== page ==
Does Gone Girl live up to the hype? To a certain extent, yes. I don’t usually read thrillers, but this is a well-written mystery novel.
On a cloudless summer morning in North Carthage, Missouri, Nick Dunne and his wife Amy are preparing for their fifth wedding anniversary. When Nick comes home from work, Amy has suddenly vanished. As the police investigation widens, Nick becomes a suspect. Nick swears that he would never hurt his wife, and he realises there is so much he doesn’t know about Amy. Yet the question still looms: what has happened to Amy?
Gone Girl is a compelling read and I couldn’t wait to find out what happened next. I don’t want to give too much away without spoiling the plot. What I can say is that it’s smart to have two unreliable narrators in alternating chapters. The tagline of this book is: ‘There are two sides to every story’, and you definitely feel conflicting emotions towards both Nick and Amy.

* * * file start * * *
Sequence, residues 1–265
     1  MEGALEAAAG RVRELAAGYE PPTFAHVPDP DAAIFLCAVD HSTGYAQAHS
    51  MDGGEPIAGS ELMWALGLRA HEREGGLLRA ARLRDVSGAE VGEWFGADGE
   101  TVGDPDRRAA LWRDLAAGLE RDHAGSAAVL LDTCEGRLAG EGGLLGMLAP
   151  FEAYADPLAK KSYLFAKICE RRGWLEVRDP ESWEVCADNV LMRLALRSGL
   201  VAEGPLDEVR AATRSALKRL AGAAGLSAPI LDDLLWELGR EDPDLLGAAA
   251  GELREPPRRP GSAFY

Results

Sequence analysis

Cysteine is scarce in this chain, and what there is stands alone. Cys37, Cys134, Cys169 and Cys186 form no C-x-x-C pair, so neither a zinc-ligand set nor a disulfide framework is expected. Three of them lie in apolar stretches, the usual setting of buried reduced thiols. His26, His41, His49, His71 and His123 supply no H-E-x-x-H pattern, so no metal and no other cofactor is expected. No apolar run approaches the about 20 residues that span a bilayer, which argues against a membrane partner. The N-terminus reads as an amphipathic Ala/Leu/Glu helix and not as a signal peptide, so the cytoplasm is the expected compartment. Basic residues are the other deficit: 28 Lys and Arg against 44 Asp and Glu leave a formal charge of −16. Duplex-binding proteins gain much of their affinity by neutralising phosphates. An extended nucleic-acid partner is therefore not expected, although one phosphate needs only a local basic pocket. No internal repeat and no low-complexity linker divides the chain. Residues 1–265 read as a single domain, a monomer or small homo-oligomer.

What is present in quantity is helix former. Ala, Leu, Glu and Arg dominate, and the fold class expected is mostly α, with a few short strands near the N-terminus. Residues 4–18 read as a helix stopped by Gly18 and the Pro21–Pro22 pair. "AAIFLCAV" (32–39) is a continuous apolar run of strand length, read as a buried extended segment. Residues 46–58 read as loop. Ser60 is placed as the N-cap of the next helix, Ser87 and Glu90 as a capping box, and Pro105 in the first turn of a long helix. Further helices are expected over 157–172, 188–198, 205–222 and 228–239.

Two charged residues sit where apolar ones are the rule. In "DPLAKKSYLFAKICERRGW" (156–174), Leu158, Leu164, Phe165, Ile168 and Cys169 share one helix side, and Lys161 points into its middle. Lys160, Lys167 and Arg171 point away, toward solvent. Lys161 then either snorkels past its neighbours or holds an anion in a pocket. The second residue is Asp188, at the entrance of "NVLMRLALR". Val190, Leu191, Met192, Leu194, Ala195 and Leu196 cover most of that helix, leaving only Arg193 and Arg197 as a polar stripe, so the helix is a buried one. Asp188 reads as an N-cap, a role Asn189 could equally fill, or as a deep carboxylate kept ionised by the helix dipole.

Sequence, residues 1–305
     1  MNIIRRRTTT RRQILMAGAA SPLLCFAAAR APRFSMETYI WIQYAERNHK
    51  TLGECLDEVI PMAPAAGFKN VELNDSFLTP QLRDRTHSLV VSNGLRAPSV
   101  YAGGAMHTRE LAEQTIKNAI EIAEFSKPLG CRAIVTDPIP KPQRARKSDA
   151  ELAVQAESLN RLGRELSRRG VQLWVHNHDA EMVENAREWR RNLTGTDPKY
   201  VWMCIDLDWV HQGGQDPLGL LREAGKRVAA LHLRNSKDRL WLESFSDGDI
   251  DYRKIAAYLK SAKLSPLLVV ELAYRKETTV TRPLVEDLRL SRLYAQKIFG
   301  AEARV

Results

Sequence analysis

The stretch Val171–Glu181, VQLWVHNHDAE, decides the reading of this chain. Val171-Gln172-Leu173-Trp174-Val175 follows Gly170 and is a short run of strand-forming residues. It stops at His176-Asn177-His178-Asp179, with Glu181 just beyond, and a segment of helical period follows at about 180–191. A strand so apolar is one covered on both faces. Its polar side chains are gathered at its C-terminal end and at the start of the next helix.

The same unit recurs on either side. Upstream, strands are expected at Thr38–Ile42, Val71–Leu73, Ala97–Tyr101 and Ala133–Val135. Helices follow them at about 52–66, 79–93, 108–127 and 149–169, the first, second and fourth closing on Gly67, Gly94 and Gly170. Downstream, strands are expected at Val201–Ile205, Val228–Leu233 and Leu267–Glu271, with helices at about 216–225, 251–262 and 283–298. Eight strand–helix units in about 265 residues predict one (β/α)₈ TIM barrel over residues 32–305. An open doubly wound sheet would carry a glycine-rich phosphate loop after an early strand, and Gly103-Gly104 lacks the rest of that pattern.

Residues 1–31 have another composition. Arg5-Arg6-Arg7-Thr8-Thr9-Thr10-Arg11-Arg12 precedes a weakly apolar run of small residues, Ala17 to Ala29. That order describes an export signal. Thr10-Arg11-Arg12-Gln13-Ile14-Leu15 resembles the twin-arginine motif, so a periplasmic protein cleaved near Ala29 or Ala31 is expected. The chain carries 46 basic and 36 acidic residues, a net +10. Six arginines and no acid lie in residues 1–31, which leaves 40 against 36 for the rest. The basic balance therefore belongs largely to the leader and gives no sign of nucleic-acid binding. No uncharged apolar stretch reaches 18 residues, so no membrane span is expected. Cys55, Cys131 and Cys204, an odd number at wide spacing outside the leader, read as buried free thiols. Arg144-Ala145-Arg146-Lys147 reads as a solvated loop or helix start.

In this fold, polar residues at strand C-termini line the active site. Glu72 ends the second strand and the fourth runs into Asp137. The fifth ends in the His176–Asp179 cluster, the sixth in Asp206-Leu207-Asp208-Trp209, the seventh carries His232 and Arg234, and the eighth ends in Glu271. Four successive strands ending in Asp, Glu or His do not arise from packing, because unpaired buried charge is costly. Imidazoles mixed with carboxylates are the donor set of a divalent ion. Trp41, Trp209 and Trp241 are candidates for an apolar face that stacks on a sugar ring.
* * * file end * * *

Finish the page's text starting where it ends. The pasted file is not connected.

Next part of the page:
This novel poses the question: how well do you know your spouse? It also feels like Gillian Flynn asks the reader: how well do you know the book’s characters? This is because some of the characters’ actions don’t seem to match their thoughts. You, as the reader, think you have gauged the characters personalities and motives; and yet these same characters later appear out of character.
The main message I got from this novel is to just be yourself. I know that sounds like a cliché, but if you read the book, hopefully it will make sense. Although this is a mystery/thriller novel, there are some welcome light moments of humour which made me smile. The only thing which I found slightly disappointing about this book is the ending.
Gone Girl is a great novel, full of suspense and plot twists. This is a sharp, witty and unpredictable book by Gillian Flynn. It’s also a dark, interesting look on marriage. The ending wasn’t to my liking, but overall I enjoyed reading it.
My rating: ★★★★☆